NORMAN — The Norman City Council voted 6 to 2 Tuesday night to adopt a contentious outdoor commercial lighting ordinance. Councilmen Al Atkins and Dan Quinn voted against it.
Most of the residents who addressed the council Tuesday night were against the ordinance, which will apply to all new lighting installed in Norman.
The new standards address light poles, light fixtures and wall packs and require developers to submit a photometric lighting plan before a building permit is issued. Retrofitting, a major concern from the business community, isn’t a part of the ordinance.
City officials said the purpose of the ordinance is to address light spillover from commercial onto residential properties and to reduce energy waste.
Resident Larry Steele was for the adoption of the lighting ordinance. He said its detractors, who feared the ordinance could have negative, unforeseen consequences, were “being a little bit paranoid.”
“This ordinance actually improves lighting,” Steele said. “Good lighting is not less lighting.”
Steele said Norman, which considers itself a progressive community, should take a long-term view when it comes to ordinances such as these.
“Every first-class city in the country has a reasonable lighting ordinance,” Steele said. “Although this is not a perfect ordinance, it’s a good start.”
Maj. Jim Maisano of the Norman Police Department said there “will be no impact in police services provided” in the city.
In fact, he said the ordinance should actually improve visibility at night and help officers’ vision as it transitions from lighted to darker areas.
Assistant City Attorney Blaine Nice said the ordinance couldn’t be used to “harass” certain businesses, who may be targeted by individuals in the community who are unhappy with lighting on the property.
“We have checks and balances in place,” Nice said. “We try to be consistent. It’s not just one individual making a subjective decision.”
As to why the University of Oklahoma and Norman Public Schools are exempt from the ordinance, Councilwoman Carol Dillingham said they are subject to state law, which supersedes Norman’s own laws.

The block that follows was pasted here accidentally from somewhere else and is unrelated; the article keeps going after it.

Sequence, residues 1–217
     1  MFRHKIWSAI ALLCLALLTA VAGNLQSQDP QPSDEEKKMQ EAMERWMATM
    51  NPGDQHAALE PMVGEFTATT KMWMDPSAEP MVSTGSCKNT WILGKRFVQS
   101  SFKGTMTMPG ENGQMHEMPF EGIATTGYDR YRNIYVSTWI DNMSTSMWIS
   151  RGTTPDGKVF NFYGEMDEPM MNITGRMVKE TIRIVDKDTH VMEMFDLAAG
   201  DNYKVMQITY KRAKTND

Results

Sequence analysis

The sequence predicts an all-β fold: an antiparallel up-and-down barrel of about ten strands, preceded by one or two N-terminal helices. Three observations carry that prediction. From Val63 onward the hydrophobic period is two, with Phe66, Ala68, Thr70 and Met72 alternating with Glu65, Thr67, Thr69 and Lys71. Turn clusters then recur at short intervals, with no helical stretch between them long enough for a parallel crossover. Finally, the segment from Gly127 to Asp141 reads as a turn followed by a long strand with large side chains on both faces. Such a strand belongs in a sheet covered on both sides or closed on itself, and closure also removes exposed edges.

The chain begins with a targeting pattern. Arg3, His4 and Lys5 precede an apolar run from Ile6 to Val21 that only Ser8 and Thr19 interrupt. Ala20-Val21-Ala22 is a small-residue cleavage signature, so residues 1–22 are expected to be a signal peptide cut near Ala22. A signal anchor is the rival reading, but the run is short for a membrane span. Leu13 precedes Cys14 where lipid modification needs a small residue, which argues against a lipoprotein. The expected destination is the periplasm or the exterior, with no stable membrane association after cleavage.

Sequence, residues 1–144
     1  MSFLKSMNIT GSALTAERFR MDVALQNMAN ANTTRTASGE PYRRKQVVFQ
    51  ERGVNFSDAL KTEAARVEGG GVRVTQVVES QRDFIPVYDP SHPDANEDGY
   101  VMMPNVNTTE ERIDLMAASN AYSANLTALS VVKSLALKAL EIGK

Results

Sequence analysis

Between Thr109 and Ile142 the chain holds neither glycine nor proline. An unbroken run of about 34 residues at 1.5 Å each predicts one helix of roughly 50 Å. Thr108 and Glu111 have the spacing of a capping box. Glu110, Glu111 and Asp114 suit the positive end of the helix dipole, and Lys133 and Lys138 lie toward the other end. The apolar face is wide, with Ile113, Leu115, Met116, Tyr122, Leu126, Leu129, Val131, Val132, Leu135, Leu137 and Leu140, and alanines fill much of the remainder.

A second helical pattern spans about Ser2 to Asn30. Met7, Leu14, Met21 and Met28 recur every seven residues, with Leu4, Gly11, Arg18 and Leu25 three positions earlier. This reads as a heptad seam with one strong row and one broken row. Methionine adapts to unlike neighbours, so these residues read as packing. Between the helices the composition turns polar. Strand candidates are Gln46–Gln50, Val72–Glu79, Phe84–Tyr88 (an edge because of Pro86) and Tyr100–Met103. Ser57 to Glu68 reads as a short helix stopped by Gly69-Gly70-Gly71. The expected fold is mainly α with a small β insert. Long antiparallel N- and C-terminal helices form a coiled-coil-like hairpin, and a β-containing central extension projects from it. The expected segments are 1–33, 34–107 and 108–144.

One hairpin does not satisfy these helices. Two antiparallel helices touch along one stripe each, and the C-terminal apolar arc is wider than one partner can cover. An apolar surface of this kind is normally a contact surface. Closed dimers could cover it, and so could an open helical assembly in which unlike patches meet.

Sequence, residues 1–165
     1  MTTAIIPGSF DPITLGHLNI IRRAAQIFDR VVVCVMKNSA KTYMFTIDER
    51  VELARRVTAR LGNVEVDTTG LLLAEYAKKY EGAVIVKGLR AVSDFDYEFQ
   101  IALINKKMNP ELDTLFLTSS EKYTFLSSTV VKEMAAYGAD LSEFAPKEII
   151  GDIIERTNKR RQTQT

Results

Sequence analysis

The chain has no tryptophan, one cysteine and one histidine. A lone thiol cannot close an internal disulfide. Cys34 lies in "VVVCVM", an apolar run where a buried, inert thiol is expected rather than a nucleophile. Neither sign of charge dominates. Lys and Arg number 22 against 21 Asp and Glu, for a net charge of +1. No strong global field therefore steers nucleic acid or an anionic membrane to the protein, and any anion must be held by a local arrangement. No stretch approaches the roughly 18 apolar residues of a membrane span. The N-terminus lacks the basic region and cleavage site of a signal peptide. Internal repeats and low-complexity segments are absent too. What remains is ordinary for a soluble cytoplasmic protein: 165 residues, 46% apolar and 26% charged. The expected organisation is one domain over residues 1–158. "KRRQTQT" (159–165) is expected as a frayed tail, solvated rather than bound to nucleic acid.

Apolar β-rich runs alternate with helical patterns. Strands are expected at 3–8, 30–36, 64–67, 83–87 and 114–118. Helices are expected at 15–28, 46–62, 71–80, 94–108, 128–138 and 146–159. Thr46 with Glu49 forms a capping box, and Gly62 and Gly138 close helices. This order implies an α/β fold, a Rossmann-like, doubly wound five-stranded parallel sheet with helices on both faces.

The councilwoman described OU and NPS as “a higher entity on the chain than the city.”
“A lot of folks don’t understand that,” Dillingham said. “We can’t control them.”
Dillingham added that street lamps owned by OG&E, which are exempt from the ordinance, fall in the same category. OG&E is governed by the Corporation Commission, which also places it “above the law” when it comes to Norman’s codes.
Councilman Tom Kovach, Ward 2, said Flagstaff, Ariz., has a similar ordinance in place. He reported that crime hasn’t gotten out of control in that city and that business hasn’t been negatively affected.
“It’s important to look at the facts when you’re talking about an issue like this,” Kovach said. “This is an ordinance to improve quality of life in Norman, not to make it darker ... to make it safer.”
Many residents were upset with city officials because they didn’t have prompt answers to their questions during public comment Tuesday night.
Local businessman Greg Mattoon, like most others who own a business, said he was tired of the council “over-regulating” the very entities that provide Norman with tax dollars. He also was concerned when Susan Connors, the city’s planning director, didn’t know how much the city would have to pay to bring itself into compliance with the ordinance.
“You don’t even know what it’s going to cost the city, but you want poor business (to live with it),” Mattoon said. “You think it’s easy being in business in this city? People are barely hanging on.”
Doug Kennon, owner of Sooner Legends Inn & Suites, said it was “scary” how much time city staff and the council have spent on the lighting ordinance.
“We’ve wasted a whole lot of time, effort and energy,” Kennon said, adding that he feels that the ordinance has “a lot of gray” areas in it. “And there’s a lot of bad in the gray.”
Kennon, who accused the council of “voting in my pocketbook,” is fearful that large outdoor lamps in his parking lot could cost him $170,000 to bring into compliance. He also feels that the ordinance language is so vague that it invites “legal problems.”
“We’re five, six years invested (in the ordinance) and I still don’t know where we stand,” Kennon said. “(And) I think this opens us up to huge legal (issues in the future).”
Chris Lewis, a member of the city’s Planning Commission, implored the council to take more time to consider the ordinance, but his request was denied.
John Woods, president and CEO of the Norman Chamber of Commerce, said he wasn’t in favor of the ordinance, mainly because of vague language.
“We’re not yet at a perfect product,” Woods said.
Atkins was against the ordinance because it will impact residential properties, including condos and townhomes. He also worried that city officials may not have done due diligence.
“I think this ordinance has merit, but I don’t think it should pass,” Atkins said. “I have concerns that property owners have not been properly notified. This is still being called a commercial lighting ordinance ... (but) it is not geared specifically toward business or commercial. This is, in fact, an outdoor lighting ordinance.”
In the end, Mayor Cindy Rosenthal acknowledged that the ordinance, regardless of how contentious and debated, was a long time coming.
“This has been a very long process,” Rosenthal said. “We do not currently have ... any real standards in complete respect for lighting. (The ordinance) is not burdensome to our community and our businesses.”